The F*** Winter Party on Saturday was a great success! It may have been cold and snowing, but Meadiacs don't let a little thing like that stop them from having a good time! Here are some highlights from the party.
In which Ricky the Meadmaker answers questions about how many bees it would take to make a batch of mead, the most he's ever had to rework a mead recipe, challenges of brewing in the winter, and announces Groennfell's 2015 Black Tie Gala on March 21!
Here at Groennfell Meadery, there’s one thing we can’t get enough of: data. We love data. We also love bees. Thus, it stands to reason that we love data about bees. Lucky for us, we just discovered a great short film, “Beekeepers,” part of FiveThirtyEight’s “Collectors” series.
This seven-minute film focuses on honeybees, their keepers, and the ongoing struggle to keep bee colonies from collapsing. You should really just go watch the video, but we understand the TL;DW lifestyle, so here’s a quick recap:
Even if your livelihood doesn’t depend directly upon the survival of bees, you can thank them for about one out of every three bites of food you eat. The 2.5 million colonies of bees in the United States produce $18 billion worth of crops each year.
Recently, 30% of bee colonies have been dying each winter and a total of 50% over the course of the year. With rates of collapse that high, scientists are working hard to figure out the cause. While people tend to jump to the “it must be pesticides” conclusion, one of the biggest culprits is, in fact, the Varroa Mite. These parasitic “vampire mites” suck the blood of honeybees, infect them with many different viruses, and weaken the bees’ immune systems.
Just 2,000 mites can destroy a colony of 30,000 bees within a year.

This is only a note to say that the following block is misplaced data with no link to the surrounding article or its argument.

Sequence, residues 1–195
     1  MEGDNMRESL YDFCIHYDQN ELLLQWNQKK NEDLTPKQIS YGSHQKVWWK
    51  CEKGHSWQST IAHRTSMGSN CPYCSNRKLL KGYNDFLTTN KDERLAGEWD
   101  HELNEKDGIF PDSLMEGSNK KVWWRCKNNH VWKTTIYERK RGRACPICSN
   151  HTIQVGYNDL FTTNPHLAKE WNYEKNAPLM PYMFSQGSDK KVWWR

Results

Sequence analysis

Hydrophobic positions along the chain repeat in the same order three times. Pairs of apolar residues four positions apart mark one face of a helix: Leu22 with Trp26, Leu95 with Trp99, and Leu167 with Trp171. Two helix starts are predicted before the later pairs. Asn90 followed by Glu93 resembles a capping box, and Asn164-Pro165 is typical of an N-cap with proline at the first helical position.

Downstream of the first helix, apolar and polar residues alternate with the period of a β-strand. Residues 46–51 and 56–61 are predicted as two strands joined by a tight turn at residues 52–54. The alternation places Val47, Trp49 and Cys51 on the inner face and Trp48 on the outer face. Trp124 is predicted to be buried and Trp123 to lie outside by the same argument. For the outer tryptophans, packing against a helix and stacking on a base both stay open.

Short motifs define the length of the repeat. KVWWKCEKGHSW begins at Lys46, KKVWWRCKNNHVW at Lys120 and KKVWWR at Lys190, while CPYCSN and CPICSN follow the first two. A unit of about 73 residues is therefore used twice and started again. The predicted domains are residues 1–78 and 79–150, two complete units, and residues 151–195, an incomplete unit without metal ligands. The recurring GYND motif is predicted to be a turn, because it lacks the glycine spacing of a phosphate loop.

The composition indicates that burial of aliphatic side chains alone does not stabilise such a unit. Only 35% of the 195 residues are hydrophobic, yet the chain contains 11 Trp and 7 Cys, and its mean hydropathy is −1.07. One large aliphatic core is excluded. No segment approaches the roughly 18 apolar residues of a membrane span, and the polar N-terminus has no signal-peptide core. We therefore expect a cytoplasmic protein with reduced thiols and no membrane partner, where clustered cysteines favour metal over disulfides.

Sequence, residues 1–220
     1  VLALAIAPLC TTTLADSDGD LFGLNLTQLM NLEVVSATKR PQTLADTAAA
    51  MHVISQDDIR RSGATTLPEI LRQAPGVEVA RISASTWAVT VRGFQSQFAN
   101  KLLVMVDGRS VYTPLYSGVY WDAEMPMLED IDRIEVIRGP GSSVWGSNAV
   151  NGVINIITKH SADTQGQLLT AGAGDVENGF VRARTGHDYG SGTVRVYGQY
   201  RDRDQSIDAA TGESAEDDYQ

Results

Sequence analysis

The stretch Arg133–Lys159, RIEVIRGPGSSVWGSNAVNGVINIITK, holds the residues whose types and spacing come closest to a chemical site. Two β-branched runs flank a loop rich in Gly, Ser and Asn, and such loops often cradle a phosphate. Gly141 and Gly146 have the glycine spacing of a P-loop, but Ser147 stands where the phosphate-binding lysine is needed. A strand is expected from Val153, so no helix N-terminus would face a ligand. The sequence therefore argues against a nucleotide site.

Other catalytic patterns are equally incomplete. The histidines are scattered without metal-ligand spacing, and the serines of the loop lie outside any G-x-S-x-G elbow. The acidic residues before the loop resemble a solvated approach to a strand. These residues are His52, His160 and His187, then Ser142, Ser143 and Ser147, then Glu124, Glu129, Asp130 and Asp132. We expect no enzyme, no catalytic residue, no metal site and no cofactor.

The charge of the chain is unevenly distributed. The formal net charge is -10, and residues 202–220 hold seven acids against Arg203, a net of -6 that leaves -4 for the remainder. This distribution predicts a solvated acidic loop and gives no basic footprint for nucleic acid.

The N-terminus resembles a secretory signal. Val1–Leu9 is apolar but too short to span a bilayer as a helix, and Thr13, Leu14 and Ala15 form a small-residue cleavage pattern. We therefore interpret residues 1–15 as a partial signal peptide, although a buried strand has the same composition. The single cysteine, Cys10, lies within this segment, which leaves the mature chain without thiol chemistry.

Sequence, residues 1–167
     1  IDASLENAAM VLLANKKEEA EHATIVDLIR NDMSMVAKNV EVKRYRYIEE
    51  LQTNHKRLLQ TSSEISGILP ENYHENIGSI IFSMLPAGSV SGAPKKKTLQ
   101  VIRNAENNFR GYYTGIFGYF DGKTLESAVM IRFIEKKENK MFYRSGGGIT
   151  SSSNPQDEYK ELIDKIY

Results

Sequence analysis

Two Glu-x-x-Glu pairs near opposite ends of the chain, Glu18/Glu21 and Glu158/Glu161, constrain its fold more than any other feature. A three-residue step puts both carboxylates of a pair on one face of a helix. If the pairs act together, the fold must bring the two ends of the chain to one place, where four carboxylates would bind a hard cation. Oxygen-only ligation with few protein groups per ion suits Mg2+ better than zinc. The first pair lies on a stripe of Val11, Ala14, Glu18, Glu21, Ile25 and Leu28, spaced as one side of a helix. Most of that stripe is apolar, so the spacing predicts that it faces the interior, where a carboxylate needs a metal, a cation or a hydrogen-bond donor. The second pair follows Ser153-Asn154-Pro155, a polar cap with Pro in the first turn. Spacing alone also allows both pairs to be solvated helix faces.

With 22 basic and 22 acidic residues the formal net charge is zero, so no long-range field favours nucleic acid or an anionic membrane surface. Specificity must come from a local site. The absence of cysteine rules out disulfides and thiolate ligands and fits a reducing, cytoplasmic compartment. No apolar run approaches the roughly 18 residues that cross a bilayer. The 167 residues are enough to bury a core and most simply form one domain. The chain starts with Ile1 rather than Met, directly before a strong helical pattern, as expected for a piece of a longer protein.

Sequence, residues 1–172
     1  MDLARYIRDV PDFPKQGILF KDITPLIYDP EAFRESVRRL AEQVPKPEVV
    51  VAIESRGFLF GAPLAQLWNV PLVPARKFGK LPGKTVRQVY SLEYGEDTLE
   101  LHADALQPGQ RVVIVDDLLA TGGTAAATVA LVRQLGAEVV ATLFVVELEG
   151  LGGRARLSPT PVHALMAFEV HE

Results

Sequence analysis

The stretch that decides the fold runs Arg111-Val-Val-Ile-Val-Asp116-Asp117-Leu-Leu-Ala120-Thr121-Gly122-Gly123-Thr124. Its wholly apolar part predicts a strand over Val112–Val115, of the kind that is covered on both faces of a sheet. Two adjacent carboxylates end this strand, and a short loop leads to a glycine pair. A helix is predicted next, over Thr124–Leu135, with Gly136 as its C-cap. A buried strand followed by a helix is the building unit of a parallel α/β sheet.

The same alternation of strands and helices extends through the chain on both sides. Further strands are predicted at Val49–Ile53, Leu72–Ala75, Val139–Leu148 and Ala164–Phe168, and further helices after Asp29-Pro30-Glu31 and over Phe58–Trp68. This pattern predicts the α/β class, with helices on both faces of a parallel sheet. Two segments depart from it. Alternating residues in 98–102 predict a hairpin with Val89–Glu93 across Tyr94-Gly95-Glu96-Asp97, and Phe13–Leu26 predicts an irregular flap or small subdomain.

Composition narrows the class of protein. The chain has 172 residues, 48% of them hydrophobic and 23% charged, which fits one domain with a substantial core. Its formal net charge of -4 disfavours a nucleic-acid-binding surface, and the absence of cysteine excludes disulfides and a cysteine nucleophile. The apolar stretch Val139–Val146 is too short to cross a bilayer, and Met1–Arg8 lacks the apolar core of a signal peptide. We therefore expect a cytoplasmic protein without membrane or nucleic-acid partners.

Entomologist Dennis vanEngelsdorp explains in the film how he and other scientists are working to provide beekeepers with information about their colonies’ health by sampling the population and determining how many mites have infiltrated each colony.
Even if you read all the way to here, just go watch the film.
 Ok, there’s definitely more than one thing we can’t get enough of, like that video of Ricky opening a bottle of mead with his bull-whip.
 And not just because we very much need bees to keep making mead.
Ricky the Meadmaker demonstrates in front of a live audience that he can bullwhip the cap off a bottle. Seriously.
“This is a game changer.”
No joke, those were the first words out of Erik’s mouth when we popped YOLO! Popcorn for the first time at the Meadery. Before we tell you why this popcorn is so amazing and why you should believe us, we’re going to get this out of the way:
YOLO! has no idea that we are writing this article. This is not a paid advertisement. In fact, we pay them for the popcorn.
OK, here’s what makes this popcorn so amazing:
And here’s why we’re qualified to speak on this subject:
So there you have it! Not only do we get to work with a local company, what we get is the best. It is, in fact, “A Freakin’ Game Changer.”
 Does that, then, make this a “spent advertisement?” 
 No. It does not. That’s not a thing.
 We really can't tell with him, sometimes.
In which Ricky the Meadmaker announces an upcoming party, teaches us about gluten, and answers questions about choosing a yeast strain, collaborations, brewing with butter, and more!
Groennfell Meadery is Vermont’s premier craft meadery. Inspired by Old Norse legends, brewed with extraordinary ingredients, Groennfell’s meads are unlike anything you’ve had before. Crisp, clean, and astoundingly drinkable, the only way to explain any one of Groennfell’s meads is to try one yourself.